• Kevin Gausman

    Keuchel Debut Leaves Strong First Impression

    By Bud L. Ellis

    BravesWire.com

    ROME, Ga. – About 25 minutes before 7 p.m. Monday, Logan Brown walked out of the Rome Braves clubhouse, took the field near the left-field corner at State Mutual Stadium, and spent a few moments crouched along the foul line some 30 feet shy of the warning track. The 22-year-old Single-A catcher certainly goes through this routine on a regular basis, wearing uniform No. 99, collecting his thoughts in the moments before that night’s starting pitcher emerges from the locker room.

    But this was no ordinary night for the 35th-round pick in the 2018 draft. He would be on the receiving end of a former Cy Young Award winner and World Series champion, upon whom the eyes of a championship-starved fanbase would hang upon every pitch, every moment. This was not your typical Monday night in the South Atlantic League.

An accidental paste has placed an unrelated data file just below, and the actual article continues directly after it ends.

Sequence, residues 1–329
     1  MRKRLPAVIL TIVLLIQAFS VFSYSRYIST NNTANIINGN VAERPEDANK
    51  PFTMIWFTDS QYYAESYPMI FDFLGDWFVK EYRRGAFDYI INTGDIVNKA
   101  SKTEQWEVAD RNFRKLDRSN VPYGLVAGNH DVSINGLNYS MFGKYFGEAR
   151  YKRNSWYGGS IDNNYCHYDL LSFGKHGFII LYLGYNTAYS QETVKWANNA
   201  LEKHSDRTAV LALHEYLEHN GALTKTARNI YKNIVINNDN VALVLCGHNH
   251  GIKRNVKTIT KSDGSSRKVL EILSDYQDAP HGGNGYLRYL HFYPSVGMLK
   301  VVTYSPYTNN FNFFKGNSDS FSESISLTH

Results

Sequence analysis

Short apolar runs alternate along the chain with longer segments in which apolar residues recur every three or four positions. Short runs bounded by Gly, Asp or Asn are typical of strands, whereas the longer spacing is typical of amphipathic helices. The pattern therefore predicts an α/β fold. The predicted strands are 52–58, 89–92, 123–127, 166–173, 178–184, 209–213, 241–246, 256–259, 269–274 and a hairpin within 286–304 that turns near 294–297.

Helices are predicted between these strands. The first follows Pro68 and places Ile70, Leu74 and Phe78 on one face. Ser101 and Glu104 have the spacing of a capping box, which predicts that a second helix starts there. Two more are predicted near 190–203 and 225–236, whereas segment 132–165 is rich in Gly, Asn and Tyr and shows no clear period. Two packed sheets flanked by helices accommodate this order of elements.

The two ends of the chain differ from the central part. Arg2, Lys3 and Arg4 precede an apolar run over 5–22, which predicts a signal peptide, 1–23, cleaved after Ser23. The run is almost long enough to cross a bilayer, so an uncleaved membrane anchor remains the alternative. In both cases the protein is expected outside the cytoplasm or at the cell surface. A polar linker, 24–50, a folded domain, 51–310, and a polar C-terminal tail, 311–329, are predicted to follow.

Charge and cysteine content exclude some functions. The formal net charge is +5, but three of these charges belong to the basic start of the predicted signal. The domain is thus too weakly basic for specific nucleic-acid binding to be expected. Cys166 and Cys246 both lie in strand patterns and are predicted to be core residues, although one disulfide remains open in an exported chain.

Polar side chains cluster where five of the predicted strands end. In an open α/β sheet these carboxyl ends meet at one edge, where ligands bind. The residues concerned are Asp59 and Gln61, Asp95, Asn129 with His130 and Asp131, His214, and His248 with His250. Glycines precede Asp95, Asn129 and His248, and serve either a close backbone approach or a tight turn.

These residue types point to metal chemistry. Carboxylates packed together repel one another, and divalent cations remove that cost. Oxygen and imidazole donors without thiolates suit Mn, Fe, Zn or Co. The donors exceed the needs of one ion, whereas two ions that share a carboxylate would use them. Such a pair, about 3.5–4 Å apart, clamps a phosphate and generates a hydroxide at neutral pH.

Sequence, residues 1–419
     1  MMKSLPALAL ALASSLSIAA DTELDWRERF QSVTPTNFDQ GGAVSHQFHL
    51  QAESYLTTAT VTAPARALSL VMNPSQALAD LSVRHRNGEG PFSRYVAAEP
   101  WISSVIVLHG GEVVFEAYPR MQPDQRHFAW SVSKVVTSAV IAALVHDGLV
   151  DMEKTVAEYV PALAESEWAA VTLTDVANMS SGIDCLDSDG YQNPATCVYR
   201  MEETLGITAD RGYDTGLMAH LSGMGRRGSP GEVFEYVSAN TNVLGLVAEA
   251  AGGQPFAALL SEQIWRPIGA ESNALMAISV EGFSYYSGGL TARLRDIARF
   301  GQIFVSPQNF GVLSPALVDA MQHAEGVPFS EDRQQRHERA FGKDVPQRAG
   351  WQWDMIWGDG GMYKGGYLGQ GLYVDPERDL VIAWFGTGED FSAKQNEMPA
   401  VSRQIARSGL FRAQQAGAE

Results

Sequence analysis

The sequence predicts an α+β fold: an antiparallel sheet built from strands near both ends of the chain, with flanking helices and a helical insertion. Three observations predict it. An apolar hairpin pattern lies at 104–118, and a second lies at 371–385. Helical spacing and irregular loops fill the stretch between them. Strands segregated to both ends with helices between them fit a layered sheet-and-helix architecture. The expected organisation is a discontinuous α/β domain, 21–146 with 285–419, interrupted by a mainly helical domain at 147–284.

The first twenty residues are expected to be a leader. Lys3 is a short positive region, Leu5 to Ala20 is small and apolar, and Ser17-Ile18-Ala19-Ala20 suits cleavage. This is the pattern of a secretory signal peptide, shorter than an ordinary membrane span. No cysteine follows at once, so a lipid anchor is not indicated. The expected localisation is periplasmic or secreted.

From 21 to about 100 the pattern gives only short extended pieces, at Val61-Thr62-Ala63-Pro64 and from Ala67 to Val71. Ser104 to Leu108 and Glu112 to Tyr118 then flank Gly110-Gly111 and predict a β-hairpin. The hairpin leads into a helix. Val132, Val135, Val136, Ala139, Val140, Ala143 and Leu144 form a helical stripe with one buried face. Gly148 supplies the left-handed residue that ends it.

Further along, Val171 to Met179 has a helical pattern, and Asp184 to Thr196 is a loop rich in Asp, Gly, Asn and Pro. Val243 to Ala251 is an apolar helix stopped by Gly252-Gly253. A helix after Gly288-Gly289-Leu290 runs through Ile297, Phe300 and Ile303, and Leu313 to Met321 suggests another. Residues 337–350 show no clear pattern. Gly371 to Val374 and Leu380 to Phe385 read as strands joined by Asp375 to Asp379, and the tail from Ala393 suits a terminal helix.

Then again, it’s not every day somebody like Dallas Keuchel rolls through this Northwest Georgia town.

    Keuchel, four days removed from inking a one-year, $13-million deal with the Atlanta Braves, emerged a few minutes later, wearing his customary No. 60. As a near-capacity crowd filed in for the series opener against the Charleston River Dogs, one of the free-agent market’s biggest fish made his Braves organization debut on a humid, yet pleasant night. The rains that washed away Keuchel’s scheduled debut Saturday at Triple-A Gwinnett had disappeared, and for the first time since last season’s American League championship series with Houston, the 31-year-old pitched in a competitive contest.

    The results: Predictable, yet impressive.